I transferred to a slow house two years before my retirement. I didn’t think I’d ever do that but I did. I had a conversation with an Engineer from the field that I have a bunch of respect for one afternoon at our admin office. He wasn’t trying to convince me to do it, but we talked about not having anything to prove and how it gets tougher as we get older and the toll waking up at night takes on us. So, after a second shoulder surgery I took his accidental counsel and went to Station 25 from Station 7, my dream assignment for the better part of the last six years.
It wasn’t totally about slowing down. Actually, that was probably only about 30% of my motivation to go. Station 25 is closer to my house and, having three young children, an elderly mother, and a disabled brother made it a logical choice.
I’ve learned that it truly does get harder after we crest the half century mark. Because of that I don’t fault the guys who do go to a slower house and slow down themselves. But I didn’t want to do that. You know, go to a slow house and sit on my hands for 24 months. Partly because that’s just the way I’m wired and partly, being candid, because I feel like I cruised during my years at the busier houses I worked at sometimes. Irony.
Before I get ahead of myself I need to say that I was blessed with an awesome crew during my time at Station 25. Awesome comes packaged many different ways. The awesome of Engineer Jerry Henegar, and Firefighters Todd Blandin and Chris Howe came package as support, positive attitudes, and a willingness to try new things and go all out.
A legendary football coach once said something like this;
“If something goes badly, I did it. If something goes fairly well, we did it. If something goes great, you did it.”
There’s absolutely no way I could have done any of it without this crew. I’m pretty proud of the great things these guys did during these last 2 years if I do say so my own self.
Chris Howe designed a station patch that, I think, did more for 25’s image than anything done before it. “Old Dogs, New Tricks” summed up what we were all about pretty well. It said, “Yeah, we’ve got some miles on us. If you’ll shut up and listen you might learn something”.
Our first year together we decided to improve our fitness level and we did so well that the following year none of the other stations in our battalion would accept our challenge to beat us at the department fitness test. Even when it meant having 50 of your hydrants detailed in the spring by each station you beat.
August of last year I had the “bright idea”, I get a lot of those, to offer a 4-hour tactical class on attic fires at the tower on three consecutive shift evenings. These guys wrote portions of the class on vertical ventilation and put together nozzle specifications and demonstrations. There was no complaining, no griping, no halfway jobs. They blew it out of the water!
Our final act was this May at The Metro Atlanta Firefighters Conference. I had been nursing a concept for a class for the past several years and when I suggested it to them, like always, they were all about it.
“Calm, Cool, and Collected in Chaos” was a class in arousal control techniques. The techniques are applicable to highly confident firefighters in their prime as a firefighter survival tool. They are also extremely beneficial to new firefighters who struggle in their face pieces. And, as I learned and what made me finally pull the trigger on the class, the techniques are good for older guys who suddenly start struggling in their masks too.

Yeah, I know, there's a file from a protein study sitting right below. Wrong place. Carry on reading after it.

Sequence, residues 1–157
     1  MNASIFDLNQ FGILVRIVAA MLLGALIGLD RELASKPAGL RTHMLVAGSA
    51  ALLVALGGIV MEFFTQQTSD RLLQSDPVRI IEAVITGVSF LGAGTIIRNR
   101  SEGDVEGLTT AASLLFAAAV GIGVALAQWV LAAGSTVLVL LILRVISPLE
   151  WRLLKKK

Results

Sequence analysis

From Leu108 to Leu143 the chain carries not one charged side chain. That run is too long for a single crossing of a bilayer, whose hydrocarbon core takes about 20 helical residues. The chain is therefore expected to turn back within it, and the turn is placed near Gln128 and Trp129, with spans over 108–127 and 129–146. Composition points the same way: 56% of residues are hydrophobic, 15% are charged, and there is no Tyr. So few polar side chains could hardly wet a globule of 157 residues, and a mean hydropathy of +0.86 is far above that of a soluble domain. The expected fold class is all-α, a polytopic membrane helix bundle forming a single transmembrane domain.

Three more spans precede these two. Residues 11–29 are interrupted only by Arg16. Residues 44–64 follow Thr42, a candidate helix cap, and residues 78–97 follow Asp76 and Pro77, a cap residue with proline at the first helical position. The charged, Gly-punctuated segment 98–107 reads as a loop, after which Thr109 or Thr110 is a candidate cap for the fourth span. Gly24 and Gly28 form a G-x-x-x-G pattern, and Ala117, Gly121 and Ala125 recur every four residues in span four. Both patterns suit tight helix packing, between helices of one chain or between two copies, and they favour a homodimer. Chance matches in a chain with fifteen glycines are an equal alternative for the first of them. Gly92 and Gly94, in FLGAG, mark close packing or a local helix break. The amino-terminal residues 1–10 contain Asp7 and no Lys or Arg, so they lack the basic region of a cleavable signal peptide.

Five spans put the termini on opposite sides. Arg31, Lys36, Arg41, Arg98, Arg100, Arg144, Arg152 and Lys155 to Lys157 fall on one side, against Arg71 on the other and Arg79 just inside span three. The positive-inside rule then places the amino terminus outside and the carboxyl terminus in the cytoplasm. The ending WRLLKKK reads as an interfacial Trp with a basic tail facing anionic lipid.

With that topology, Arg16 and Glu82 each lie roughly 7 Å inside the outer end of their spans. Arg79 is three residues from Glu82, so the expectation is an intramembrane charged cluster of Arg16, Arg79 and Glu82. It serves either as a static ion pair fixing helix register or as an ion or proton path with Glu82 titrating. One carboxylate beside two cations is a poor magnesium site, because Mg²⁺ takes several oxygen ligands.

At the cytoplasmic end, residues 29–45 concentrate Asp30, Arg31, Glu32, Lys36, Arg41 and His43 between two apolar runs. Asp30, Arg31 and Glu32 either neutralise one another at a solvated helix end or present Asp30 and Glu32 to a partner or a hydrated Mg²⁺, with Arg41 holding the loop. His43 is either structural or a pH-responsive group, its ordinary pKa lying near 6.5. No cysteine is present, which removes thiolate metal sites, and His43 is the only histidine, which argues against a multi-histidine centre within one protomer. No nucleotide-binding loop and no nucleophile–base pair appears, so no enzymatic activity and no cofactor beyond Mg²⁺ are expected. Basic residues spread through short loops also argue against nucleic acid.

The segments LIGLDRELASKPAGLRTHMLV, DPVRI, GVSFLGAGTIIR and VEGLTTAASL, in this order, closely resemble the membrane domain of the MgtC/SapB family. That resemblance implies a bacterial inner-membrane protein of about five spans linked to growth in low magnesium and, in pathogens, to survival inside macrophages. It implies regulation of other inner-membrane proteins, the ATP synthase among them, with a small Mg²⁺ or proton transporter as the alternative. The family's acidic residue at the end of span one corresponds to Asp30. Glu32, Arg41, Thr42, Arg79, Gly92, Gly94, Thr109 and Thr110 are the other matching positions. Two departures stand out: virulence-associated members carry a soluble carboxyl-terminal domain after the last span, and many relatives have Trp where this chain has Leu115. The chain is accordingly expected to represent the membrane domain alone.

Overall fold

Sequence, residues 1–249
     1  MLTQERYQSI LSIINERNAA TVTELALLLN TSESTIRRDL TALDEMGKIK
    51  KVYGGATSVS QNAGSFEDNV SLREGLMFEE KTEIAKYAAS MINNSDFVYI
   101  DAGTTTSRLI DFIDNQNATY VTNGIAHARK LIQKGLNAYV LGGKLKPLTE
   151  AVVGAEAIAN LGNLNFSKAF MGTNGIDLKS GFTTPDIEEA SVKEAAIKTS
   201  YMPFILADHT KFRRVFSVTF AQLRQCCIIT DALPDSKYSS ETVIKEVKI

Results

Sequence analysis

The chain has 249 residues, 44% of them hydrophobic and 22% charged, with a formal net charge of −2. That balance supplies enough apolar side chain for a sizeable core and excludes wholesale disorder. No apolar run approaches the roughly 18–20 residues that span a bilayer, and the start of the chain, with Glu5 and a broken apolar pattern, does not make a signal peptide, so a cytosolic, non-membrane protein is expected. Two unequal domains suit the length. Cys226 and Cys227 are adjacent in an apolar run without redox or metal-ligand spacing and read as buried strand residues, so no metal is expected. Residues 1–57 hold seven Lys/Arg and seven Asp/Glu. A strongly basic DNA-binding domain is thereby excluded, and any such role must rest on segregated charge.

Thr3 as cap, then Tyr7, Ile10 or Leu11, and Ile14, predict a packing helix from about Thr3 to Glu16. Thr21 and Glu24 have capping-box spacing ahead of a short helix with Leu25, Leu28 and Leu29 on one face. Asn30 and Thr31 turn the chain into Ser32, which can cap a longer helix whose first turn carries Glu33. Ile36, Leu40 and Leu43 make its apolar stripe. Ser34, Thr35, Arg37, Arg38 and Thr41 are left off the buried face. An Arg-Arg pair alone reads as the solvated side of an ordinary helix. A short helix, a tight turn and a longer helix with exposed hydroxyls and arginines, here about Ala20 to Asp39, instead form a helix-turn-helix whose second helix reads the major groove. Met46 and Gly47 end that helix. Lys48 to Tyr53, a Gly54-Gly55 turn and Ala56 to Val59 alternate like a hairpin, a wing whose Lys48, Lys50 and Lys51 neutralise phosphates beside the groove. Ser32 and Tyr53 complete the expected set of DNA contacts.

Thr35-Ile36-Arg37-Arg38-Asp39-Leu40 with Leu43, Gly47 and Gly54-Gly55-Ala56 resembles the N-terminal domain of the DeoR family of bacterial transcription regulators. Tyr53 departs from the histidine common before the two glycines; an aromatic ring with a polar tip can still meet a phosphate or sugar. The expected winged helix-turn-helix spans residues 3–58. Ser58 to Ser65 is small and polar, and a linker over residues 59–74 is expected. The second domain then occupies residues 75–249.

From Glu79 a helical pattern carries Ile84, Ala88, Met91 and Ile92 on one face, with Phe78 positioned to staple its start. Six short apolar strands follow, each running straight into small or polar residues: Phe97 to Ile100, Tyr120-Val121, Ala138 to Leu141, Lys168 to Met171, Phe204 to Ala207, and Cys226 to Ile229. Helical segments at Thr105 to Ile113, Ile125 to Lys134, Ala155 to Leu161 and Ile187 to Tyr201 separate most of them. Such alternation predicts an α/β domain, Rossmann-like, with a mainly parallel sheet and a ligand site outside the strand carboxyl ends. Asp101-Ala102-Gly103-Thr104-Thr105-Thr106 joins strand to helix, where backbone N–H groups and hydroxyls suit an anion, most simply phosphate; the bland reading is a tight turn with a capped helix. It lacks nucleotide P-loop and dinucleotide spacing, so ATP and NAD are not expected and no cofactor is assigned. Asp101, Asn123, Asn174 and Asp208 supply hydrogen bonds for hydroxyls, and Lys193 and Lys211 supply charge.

We wound up giving the class to 11 firefighters from as close as Metro Atlanta, Alabama, Florida, and as far away as Wisconsin.
After about an hour in the classroom explaining the techniques we spent the rest of the day applying them.
First, we demonstrated how to stretch your bottle’s air supply after you’re fatigued and your low air alarm is sounding. These folks started out with about 1200psi. Firefighter Todd Blandin created a consumption course we could do quickly with tires we had on the drill field. When their vibra-alert activated, they sat down and started breathing the way we taught. After 30 minutes most still had air remaining and I’ve seen guys go nearly an hour!
After this we put them through the SCBA maze and then the disentanglement prop. We stressed that the objective was not to see how fast you could finish. The objective was to utilize the skills we had taught them. We wanted them to apply them so that they could actually feel their respirations and heart rate slow after just a couple of breathes.
After lunch we had a final practical. We started them off rapid dressing as we gave them their assignment. Then they took a 2 ½” house pack off the hose bed of Engine 25 and carried it to the burn house where we had them drive a truck tire about 8’ with a sledge hammer.
By now most of them were at least out of breath so we’d have them stop and take a couple of breathes from their diaphragm the way we taught them and enter the burn house where they followed a charged hose line doing various tasks. However, we were blaring emergency radio traffic while strobes were flashing. This was all in an effort to stimulate their senses so they could apply their new techniques.
When the subject of retirement comes up guys always ask if you think you’re going to miss it. Everybody answers that they are going to miss the comradery and the guys. I am too. But I’ll miss training too. I was glad God blessed me with this crew for my last charge. I was hopeful, and had actually planned, to give the attic fire class another three dates before I retired but family issues took priority. I had also offered to give Calm, Cool, and Collected to the present recruits but never heard back from the powers that be. So…I guess this was my last hoorah.
Regrets? Not really. Do I feel like we finished strong? Dang skippy I do.